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The folly that is "Best Game of the Year" posts

There's been a lot of hubbub (I really love that word) recently about the user content on this site.  Many lament those users who post "meaningless" blog or forum posts, ostensibly just to get points for leveling up on the GI site.  (Really, once you're level 5 and your stuff shows up on the front page, is there any real purpose to point whoring?  Who cares if you're level 5 or level 6 or level 7?)

One of the types of posts the critics slam are the meaningless "Top 10" posts that pop up a lot on the site.  The problem with so many of these is that the poster either hasn't played all of the games he (and occasionally she, I guess) is writing about, or that he doesn't have the experience to really comment on the issue.  My example of the latter is the 15-year-old kid who posts a "Top 10 Games of All Time" list.  Really?  You're 15 years old and you feel qualified to post on the best games *ever*?  Have you played many of the games that came out before you were born?  If you have, then more power to you!

Anyway, this got me thinking ("Yay! He's getting to the point!" - The Peanut Gallery).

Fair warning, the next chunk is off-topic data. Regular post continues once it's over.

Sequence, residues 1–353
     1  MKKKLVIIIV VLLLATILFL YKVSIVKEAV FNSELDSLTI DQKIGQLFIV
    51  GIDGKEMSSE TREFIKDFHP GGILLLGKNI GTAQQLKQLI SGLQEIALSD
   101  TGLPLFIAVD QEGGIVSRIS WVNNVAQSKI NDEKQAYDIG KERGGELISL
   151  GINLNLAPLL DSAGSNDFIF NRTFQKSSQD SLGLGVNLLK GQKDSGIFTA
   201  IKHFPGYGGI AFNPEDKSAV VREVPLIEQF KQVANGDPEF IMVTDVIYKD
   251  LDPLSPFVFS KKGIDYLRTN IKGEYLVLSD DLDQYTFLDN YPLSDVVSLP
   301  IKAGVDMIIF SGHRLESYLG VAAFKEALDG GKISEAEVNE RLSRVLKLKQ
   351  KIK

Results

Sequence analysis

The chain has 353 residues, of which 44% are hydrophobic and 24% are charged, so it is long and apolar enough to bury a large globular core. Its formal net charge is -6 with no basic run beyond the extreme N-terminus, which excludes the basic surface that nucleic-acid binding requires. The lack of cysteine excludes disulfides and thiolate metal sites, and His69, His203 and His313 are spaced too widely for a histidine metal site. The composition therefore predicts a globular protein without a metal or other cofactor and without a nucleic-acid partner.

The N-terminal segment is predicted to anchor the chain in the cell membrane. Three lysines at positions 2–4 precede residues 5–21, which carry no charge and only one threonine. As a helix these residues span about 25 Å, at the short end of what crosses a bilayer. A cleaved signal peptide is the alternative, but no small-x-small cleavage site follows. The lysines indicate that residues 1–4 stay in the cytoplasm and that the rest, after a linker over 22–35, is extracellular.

How many of us regular users are qualified to do a "Best Game of the Year" post, whether it's the current trend of "Best Game of 2010 - So Far" posts or the annual end-of-year post?  Game web sites like Gi, Games Radar, the regular video games magazines and the like, they are qualified because they've played *tons* of games during the year.  It's very likely they've played (at least enough to know what the game is like) the majority of the games that come out in a given year.  The regular user?  Probably not so much.

Most of us work, or we have money issues (and often both!), and we aren't able to devote the time and the resources to play even a fraction of the games that come out.  I haven't played Bioshock 2 or Bayonetta or Final Fantasy XIII, or God of War 3, and I'm in the middle of Mass Effect 2 right now.  I'm sure I'm not alone in this.  I could buy more games (I'm getting Singularity and Crackdown 2 today) but there's still the time issue, especially if you like playing huge RPGs like Fallout 3 or Oblivion.

So why would I post a Best Game of the Year post at all?  Wouldn't that be kind of a waste?  I could certainly post a "My Favourite Game of the Year" (with that strange Canadian spelling), or the Game I Had the Most Fun Playing.  But "best?"  I don't think I'm qualified to judge.

I know what the point of it is: it's kind of a verbal shorthand for "Favourite Game," but I love words, and it bothers me when words are used to mean things different from what they actually do mean.  If you've got game recommendations, I'm all ears.  But don't tell me what the best games of the year are.  Most likely, you aren't qualified to say that either.

And if you *have* played that many games during the year, then more power to you!

I wish I had your life.

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